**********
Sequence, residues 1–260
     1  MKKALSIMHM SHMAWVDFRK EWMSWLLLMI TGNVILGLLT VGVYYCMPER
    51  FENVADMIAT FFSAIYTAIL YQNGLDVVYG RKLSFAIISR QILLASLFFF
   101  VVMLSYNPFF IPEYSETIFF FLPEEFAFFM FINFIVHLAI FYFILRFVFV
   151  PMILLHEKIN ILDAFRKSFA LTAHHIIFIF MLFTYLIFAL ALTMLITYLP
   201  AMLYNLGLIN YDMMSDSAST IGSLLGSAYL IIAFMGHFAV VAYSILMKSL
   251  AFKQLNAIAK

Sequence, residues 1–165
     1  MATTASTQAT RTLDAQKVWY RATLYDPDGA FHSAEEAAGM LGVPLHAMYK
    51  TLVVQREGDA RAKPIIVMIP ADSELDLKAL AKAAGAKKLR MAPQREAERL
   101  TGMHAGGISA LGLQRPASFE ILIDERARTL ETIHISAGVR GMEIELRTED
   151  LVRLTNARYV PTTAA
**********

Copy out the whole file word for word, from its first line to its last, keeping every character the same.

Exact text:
Sequence, residues 1–260
     1  MKKALSIMHM SHMAWVDFRK EWMSWLLLMI TGNVILGLLT VGVYYCMPER
    51  FENVADMIAT FFSAIYTAIL YQNGLDVVYG RKLSFAIISR QILLASLFFF
   101  VVMLSYNPFF IPEYSETIFF FLPEEFAFFM FINFIVHLAI FYFILRFVFV
   151  PMILLHEKIN ILDAFRKSFA LTAHHIIFIF MLFTYLIFAL ALTMLITYLP
   201  AMLYNLGLIN YDMMSDSAST IGSLLGSAYL IIAFMGHFAV VAYSILMKSL
   251  AFKQLNAIAK

Sequence, residues 1–165
     1  MATTASTQAT RTLDAQKVWY RATLYDPDGA FHSAEEAAGM LGVPLHAMYK
    51  TLVVQREGDA RAKPIIVMIP ADSELDLKAL AKAAGAKKLR MAPQREAERL
   101  TGMHAGGISA LGLQRPASFE ILIDERARTL ETIHISAGVR GMEIELRTED
   151  LVRLTNARYV PTTAA